Does Intermittent Fasting Kill?
Bad science debunked.
I came across some sensationalist headlines this week suggesting that intermittent fasting is dangerous.
A recent journal article was published that reported an association between meal frequency and mortality. Not surprisingly, media outlets put a spin on the findings to generate buzz and paranoia about intermittent fasting.
Let’s examine the credibility of this study.
The study looked at adults over age 40 years who participated in the National Health and Nutrition Examination Survey (NHANES) in the years 1999-2014.
In order to determine the number of meals consumed daily, the study used one recall survey of each f the study participants, asking them to report the clock time at which a food item was eaten in the previous 24 hours.
For the other measure, they looked at all-cause mortality (death by any cause) and also specifically at death by cardiovascular disease (heart disease, stroke, etc.). Mortality data was obtained from the National Death Index records.
It was noted that individuals who ate fewer than 3 meals per day tended to be:
- Non-Hispanic Black
- Less education
- Lower family income
- Current smokers
- Heavy alcohol drinkers
- Higher physical activity levels
- Lower total energy intake
- Lower diet quality (assessed by compliance with the 2010 US Dietary Guidelines)
After adjusting for most of the above factors, they claim that eating one meal daily was “significantly associated” with all-cause mortality and cardiovascular mortality compared to eating 3 meals daily.
Critique of the study design
Ultimately, this study is another example of low-quality epidemiologic research. While the authors know better than to attribute causation to the intermittent fasting, their discussion certainly implicates the fasting behavior as a culprit. This type of correlational study cannot generate any form of cause-effect conclusions. Rather, it is useful only for generating hypotheses. Because of the study design, one can only conclude that there might be a relationship between the two variables, but there’s no way to know if one caused the other.
The study used a single 24-hour dietary recall as the basis for determining meal frequency. Thus, the participants were defined by a single episode of recalling what they had eaten in the preceding 24 hours. Self-reported data is inherently unreliable, as most people struggle to remember details about when they ate meals. If someone had an unusual day in which they ate either more frequently or less frequently than they usually do, too bad! That one 24-hour period labeled them for the entire study.
The study reveals an implicit bias in regard to labeling mortality as a measured “outcome”. There is no outcome to measure when there is no intervention being administered to the participants. This study was purely an exercise in statistics with the available data – assessing the frequency of meals amongst a population and assessing who died during the study period. The authors just assumed that the variable of meal frequency would determine the “outcome” of mortality.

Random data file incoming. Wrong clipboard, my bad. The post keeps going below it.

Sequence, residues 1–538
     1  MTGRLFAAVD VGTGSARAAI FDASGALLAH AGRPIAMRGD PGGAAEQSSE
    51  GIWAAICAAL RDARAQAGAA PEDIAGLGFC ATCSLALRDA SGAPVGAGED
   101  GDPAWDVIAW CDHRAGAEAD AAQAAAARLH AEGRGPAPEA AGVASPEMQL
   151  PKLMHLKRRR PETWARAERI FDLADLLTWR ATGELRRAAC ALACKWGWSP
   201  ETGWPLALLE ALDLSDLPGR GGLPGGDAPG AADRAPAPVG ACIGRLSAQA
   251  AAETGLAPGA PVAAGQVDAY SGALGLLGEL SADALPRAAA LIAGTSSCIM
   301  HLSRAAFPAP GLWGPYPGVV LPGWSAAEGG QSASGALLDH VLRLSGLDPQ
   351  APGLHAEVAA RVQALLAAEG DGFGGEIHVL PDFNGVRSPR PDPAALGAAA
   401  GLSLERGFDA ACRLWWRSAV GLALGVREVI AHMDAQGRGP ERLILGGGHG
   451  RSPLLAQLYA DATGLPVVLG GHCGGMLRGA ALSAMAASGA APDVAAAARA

Even though the authors allege that the data was adjusted for multiple factors, there may still be many confounding variables that contribute to these findings. For example, there may be medical conditions that cause decreased appetite other than the few diagnoses that were considered, such as anorexia, respiratory disease, or chronic infection, to name a few. There may be other substance use that explains decreased meal frequency and contributes to increased mortality, e.g. methamphetamine, heroin, etc., that were also not identified.
Confounding variables are the major downfall of this type of correlational study. There are far too many factors at play, and we cannot possibly control for them all, unless a high quality study design is utilized – one that randomizes participants to intervention groups, has a control group, and has a large enough number of participants to be statistically significant. As we all learned in middle school science class, correlation does not imply causation.
So…what about intermittent fasting?
There are numerous benefits to intermittent fasting, and it’s important to recognize what outcomes are being studied in addition to the quality of the research. It’s common to have multiple studies showing mixed findings, and this scenario may reflect biases in study design. Generally, there are numerous correlational or observational studies, but very few randomized controlled trials. Intermittent fasting is definitely a topic that deserves further discussion.
Due to its poor design, this current study has no meaningful impact on the field.